Maricopa County election machine issues spark failed GOP lawsuit, conspiracy theories
Trouble with tabulation machines at 20% of the polling centers in Arizona’s Maricopa County generated criticism on social media, but a spokesperson for the state’s elections department said the problem was minor.
Arizona’s high-stakes elections were hit with technical issues in Phoenix’s Maricopa County on Tuesday, sparking a Republican lawsuit and a wave of criticism, rumors and misinformation.
County officials announced Tuesday morning that ballot counting machines were malfunctioning in 20% of the 223 vote centers across the county, confirming reports that quickly spread on social media and prompting former President Trump to make unfounded allegations of a stolen election on his Truth Social platform.
Officials in Arizona — particularly in Maricopa, where top election officials are Republicans — were under great pressure to ensure a smooth and safe experience for voters. Supporters of Trump held armed protests in Maricopa County in 2020, after Joe Biden narrowly became the first Democrat to win a presidential contest there in more than 20 years.
This year, four of the top statewide candidates have been endorsed by Trump and have echoed his false and unfounded claims that the 2020 election was stolen due to widespread voter fraud.
Gubernatorial candidate Kari Lake has heavily criticized election administration under Secretary of State Katie Hobbs, calling on her Democratic opponent for governor to recuse herself from overseeing their contest.
After casting her ballot at a polling place in downtown Phoenix, Lake said she would overhaul the state’s elections if she wins.
“This is incompetency, I hope it’s not malice,” she told reporters. “We’re going to fix it, we’re going to win. And when we win there’s going to be a come to Jesus for elections.”
Despite pushes by conspiracy theorists and far-right groups to discredit the electoral process, Arizona election officials have expressed optimism and pride in the work they’ve done leading up to Tuesday.
Trump released a video message to Arizona voters and made several posts on Truth Social on Tuesday afternoon, alleging that the situation in Maricopa County was a “complete Voter Integrity DISASTER.”
“People of Arizona: Don’t get out of line until you cast your vote,” Trump wrote. “They are trying to steal the election with bad Machines and DELAY. Don’t let it happen!”
Several conservative personalities, including some of those who stumped with Lake in the days leading up to the election, posted invectives about Maricopa County election officials on social media.
The Lake campaign, Republican Senate candidate Blake Masters and the Republican National Committee filed a lawsuit Tuesday afternoon to extend voting hours in Arizona by three hours to 10 p.m. local time to make up for the tabulator issues. Republicans made up the majority of in-person voter turnout Tuesday.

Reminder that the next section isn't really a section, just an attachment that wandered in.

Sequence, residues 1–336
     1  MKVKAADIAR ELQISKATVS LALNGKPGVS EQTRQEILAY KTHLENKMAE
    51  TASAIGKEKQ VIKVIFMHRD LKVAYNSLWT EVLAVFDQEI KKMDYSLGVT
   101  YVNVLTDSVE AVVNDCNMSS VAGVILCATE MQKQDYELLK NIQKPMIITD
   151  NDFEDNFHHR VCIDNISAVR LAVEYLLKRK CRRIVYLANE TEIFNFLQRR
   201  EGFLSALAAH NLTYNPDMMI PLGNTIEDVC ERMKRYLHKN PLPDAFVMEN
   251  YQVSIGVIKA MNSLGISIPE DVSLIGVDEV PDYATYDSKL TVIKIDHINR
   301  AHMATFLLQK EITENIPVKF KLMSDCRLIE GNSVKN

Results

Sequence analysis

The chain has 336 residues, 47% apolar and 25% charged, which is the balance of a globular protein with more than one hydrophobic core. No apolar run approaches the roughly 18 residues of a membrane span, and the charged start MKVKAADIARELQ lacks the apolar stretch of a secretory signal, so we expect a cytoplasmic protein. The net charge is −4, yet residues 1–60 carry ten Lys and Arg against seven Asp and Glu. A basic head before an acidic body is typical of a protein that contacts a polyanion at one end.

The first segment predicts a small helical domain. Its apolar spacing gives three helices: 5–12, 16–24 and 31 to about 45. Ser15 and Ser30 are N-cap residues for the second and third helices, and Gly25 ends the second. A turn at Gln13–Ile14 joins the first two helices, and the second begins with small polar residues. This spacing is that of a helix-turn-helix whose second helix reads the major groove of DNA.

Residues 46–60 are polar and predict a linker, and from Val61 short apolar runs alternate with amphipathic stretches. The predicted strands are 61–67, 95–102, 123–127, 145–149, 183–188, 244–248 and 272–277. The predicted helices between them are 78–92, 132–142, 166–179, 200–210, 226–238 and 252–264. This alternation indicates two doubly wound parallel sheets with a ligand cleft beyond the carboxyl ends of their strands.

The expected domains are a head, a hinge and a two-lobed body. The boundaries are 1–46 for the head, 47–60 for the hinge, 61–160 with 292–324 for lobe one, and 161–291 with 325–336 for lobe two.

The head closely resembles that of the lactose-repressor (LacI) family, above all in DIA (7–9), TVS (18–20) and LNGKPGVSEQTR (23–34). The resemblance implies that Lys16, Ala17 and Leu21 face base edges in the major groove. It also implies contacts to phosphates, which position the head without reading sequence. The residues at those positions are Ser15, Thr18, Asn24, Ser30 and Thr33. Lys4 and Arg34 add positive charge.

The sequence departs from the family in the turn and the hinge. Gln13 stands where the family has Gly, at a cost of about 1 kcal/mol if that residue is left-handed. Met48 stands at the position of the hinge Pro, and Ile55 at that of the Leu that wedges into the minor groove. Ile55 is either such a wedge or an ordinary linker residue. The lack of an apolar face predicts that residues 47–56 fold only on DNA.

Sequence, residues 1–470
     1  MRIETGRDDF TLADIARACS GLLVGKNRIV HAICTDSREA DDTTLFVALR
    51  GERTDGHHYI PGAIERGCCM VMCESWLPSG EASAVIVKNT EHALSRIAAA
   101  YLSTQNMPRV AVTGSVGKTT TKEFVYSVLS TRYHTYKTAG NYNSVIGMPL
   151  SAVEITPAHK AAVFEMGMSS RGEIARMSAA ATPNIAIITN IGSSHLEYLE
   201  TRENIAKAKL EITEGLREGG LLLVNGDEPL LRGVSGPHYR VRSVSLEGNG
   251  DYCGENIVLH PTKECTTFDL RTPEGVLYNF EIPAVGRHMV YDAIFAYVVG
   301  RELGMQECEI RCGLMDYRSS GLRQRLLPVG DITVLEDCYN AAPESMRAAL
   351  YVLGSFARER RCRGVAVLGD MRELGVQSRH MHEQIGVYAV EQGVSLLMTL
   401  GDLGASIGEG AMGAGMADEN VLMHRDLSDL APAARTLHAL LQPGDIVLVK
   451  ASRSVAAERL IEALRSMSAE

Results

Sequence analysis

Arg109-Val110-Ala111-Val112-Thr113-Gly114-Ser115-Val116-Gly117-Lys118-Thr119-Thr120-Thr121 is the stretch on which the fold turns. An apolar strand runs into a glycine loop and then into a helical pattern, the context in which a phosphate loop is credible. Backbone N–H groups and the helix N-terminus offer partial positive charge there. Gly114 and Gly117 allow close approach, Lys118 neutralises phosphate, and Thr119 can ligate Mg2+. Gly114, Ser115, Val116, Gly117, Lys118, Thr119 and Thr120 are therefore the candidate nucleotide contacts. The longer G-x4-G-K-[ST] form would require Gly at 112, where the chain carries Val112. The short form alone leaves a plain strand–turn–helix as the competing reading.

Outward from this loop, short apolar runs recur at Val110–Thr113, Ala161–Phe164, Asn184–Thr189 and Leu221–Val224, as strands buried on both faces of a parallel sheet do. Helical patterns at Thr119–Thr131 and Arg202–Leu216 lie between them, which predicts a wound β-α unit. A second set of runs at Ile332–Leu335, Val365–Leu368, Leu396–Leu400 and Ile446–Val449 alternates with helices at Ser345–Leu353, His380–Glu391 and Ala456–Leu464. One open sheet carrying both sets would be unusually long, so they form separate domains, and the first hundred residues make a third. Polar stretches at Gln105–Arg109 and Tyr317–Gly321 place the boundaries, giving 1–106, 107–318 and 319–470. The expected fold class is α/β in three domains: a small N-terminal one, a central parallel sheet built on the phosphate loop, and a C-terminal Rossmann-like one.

“The widespread issues — in an election administered by Democrat Secretary of State Katie Hobbs — are completely unacceptable, especially as Republicans flock to the polls to vote in-person on Election Day,” RNC chairwoman Ronna McDaniel said in a written statement. “We have dozens of attorneys and thousands of volunteers on the ground working to solve this issue and ensure that Arizona voters have the chance to make their voices heard.”
A Maricopa County Superior Court judge denied the emergency request around the time polls closed at 7 p.m.
Lake and other Republicans have also been critical of how long it takes to count votes. For decades, Arizona has allowed voters to request absentee ballots, which must be returned by the time polls close on election day. Election officials have said that it could be 10 to 15 days before every ballot is counted, and it could take a few days to determine the winner in a close contest.
Early results Wednesday, with 97% of Arizona precincts reporting, showed Hobbs with a razor-thin lead, which was tightening even further as the morning progressed. Hobbs had 50.3% of the vote compared with Lake’s 49.7%. Hobbs is leading by just 11,000 votes.
Incumbent Democratic Sen. Mark Kelly was also ahead of Masters, 51.4% to 46.4%, with Libertarian candidate Marc J. Victor earning about 2% of the vote. Despite the early leads for Democrats, the races are expected to narrow as more Republican-leaning, in-person votes are counted.
Officials said no voters had been disenfranchised. Ballots that could not be scanned were placed in secure bins inside tabulating machines and will be delivered by bipartisan teams to the county’s central elections office, said Bill Gates, chairman of the Maricopa County Board of Supervisors. Gates said that the printing issue was a surprise and that the county plans to do a “deep dive” into why the issue wasn’t caught during testing.
After polls closed in Arizona, Gates was asked at a news conference about election deniers pledging to come to the state.
“We know that the eyeballs of the world were already on Maricopa County, we’ve known that for weeks,” Gates said. “Whoever wants to come here can come, that’s fine, they have every right to be here. But again, there’s nothing that happened here today that would indicate, in my opinion, a need to be out here, a need to address some injustice.”
Gates also commented on the increased law enforcement presence at the county election center.
“Unfortunately in 2020 we saw folks come here and get very close to the building, getting a little raucous,” he said. “We have no specific reasons to think that there will be problems down here this evening, but we want to make sure everything is protected.”
Times staff writer Sarah D. Wire contributed to this report.
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